How to Teach your Dog the “Drop” Command

Many people fail to see how having a dog drop on command can be beneficial, but teaching a dog to “drop stay” is one of the most useful things a dog owner can do. For example, it can be a very handy way of controlling your dog when you have guests or while you are eating a meal; it could also save your dog’s life in an emergency situation, as you will see when you read Monty’s story.

It is not advisable to leave a dog in a “sit stay” position for any length of time. Sitting is a fairly demanding position for a dog; if it sits for too long, it will tire. But you can confidently leave a dog in a “drop stay” for up to 20 minutes, knowing it will be comfortable.

In the past, the “drop stay” exercise was deemed the most difficult for a dog to learn, but this was due, more than anything else, to ineffective techniques.

One such method called for the owner first to make the dog sit, and then to pull out the dog’s front legs; this would usually end in a wrestling match. Other methods also tended to involve two separate movements-sitting, then lying.

The method described below; of our own invention, is by far the simplest way to get a dog to drop, and one that creates no stress in the dog—or its owner. It involves dropping from the “stand,” which makes the movement smoother and faster, and very appealing to people who enter their dogs in competitions. A fast drop is also vital when you want to stop a running dog in its tracks.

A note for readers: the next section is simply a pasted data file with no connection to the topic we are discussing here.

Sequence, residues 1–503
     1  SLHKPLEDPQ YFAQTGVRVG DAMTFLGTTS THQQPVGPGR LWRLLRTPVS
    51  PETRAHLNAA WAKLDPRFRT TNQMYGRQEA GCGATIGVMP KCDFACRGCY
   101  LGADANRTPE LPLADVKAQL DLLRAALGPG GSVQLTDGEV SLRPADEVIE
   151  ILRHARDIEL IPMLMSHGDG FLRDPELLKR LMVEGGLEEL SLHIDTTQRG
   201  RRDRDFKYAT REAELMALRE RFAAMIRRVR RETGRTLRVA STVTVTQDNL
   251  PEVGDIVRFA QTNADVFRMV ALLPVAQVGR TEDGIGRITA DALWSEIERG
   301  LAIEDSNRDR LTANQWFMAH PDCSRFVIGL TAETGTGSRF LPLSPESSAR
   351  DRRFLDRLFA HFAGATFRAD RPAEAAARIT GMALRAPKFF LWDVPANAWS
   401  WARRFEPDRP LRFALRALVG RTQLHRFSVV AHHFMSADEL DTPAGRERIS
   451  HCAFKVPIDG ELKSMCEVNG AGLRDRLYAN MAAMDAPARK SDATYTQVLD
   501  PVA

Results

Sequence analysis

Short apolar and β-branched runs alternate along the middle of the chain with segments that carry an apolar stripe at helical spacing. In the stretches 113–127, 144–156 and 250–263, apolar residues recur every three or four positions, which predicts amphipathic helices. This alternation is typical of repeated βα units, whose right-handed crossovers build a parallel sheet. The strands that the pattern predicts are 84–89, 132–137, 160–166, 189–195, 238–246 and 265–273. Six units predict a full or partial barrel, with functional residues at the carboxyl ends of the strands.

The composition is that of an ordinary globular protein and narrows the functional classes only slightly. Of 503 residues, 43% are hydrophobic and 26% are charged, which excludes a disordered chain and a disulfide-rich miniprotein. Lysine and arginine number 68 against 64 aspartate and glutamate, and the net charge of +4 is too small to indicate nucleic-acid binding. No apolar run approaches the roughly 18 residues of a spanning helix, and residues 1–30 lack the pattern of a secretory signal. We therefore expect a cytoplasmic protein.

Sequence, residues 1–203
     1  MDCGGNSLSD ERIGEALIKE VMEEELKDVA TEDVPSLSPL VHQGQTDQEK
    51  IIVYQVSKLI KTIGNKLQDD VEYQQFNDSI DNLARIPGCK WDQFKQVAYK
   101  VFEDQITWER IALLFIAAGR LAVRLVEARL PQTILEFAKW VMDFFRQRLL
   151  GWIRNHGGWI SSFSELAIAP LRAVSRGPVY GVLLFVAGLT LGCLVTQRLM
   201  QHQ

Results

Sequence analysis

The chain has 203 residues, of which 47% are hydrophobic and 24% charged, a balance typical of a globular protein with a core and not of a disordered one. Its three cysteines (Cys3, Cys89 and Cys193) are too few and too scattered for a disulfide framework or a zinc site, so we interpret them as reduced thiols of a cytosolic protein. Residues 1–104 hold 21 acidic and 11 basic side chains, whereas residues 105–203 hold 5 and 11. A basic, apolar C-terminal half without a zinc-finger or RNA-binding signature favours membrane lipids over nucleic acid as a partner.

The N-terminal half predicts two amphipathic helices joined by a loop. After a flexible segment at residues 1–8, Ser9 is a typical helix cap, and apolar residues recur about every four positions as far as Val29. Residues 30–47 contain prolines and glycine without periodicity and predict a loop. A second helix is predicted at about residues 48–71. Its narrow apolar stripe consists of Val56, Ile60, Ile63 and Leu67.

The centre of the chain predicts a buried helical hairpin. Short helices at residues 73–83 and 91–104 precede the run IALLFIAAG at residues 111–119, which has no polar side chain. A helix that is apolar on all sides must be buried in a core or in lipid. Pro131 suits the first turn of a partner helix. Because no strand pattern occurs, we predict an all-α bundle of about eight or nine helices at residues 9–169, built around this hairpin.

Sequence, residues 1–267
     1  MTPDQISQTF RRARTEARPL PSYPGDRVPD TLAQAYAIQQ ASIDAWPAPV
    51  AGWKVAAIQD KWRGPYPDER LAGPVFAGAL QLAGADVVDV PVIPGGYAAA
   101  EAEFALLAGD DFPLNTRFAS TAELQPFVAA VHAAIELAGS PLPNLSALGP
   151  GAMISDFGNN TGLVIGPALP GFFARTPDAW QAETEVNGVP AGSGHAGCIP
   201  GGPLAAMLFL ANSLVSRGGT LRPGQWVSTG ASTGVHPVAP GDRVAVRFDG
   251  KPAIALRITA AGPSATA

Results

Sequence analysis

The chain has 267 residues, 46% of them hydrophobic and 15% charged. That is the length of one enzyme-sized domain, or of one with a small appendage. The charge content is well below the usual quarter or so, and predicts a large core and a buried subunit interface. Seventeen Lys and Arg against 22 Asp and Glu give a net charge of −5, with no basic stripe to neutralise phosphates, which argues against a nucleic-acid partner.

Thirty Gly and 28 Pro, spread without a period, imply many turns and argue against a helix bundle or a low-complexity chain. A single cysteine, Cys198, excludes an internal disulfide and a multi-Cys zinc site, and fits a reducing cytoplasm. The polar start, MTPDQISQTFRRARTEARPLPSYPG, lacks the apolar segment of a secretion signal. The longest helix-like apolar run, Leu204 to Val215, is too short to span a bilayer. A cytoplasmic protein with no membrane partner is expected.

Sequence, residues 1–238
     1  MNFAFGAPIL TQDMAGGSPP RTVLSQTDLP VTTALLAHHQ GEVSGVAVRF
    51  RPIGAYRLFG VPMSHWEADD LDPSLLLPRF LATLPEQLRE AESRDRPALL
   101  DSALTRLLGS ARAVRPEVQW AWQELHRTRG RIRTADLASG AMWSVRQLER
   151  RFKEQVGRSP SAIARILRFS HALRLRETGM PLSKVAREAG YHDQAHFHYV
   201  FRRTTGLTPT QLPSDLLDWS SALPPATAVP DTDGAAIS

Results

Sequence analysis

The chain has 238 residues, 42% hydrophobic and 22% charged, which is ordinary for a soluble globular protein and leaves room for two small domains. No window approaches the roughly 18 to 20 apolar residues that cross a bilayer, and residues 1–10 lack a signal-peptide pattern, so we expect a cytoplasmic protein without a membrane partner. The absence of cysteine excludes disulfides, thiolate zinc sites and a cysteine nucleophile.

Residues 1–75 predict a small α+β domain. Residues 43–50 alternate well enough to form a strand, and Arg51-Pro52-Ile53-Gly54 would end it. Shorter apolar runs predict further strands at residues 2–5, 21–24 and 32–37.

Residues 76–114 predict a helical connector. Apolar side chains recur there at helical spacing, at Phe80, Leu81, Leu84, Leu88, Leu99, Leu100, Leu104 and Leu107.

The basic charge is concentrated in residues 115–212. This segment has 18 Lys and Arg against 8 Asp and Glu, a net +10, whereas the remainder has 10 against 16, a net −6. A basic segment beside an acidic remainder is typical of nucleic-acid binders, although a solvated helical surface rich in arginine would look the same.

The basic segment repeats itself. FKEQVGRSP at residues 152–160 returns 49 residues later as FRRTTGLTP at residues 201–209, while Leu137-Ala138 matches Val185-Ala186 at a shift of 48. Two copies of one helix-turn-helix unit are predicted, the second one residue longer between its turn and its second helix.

To teach the “drop,” have your dog on lead and on your left side. Hold the lead in your left hand, or place it on the ground and step on it, to prevent the dog from moving away from you. Place your left hand on the dog’s back, fingers splayed, with your thumb nearest you and with your fingers on the dog’s left side. If you are holding the lead, hook the handle onto your thumb and gather the slack under the palm of your left hand as it lies on your dog’s back.

Now place the index and middle fingers of your right hand on the dog’s muzzle, holding these fingers apart to form an inverted “V”. Then rock your dog to both left and right a few times, saying “Drop”. If it resists, use the one-word reprimand.

Once the dog starts to move downward, praise it. When it drops to the ground, stand up straight beside it, and be ready to reprimand it if it attempts to stand up without a command from you. It should remain in the “drop” position until you say “Free.”

What makes our technique so effective and so much easier for the dog is that, when you place a hand on its muzzle, it tries to see under your hand, lowering itself and going into a drop naturally. Try this exercise daily, so that eventually your dog will adopt this position every time you say “Drop.”

Filed Under: Pets & Animals


About the Author: Fred Goodson has a passion for pets and animals. He has 4 dogs and is planning to have another one. He is also a blogger who writes about pets and animals. Currently, he is living in New Jersey.

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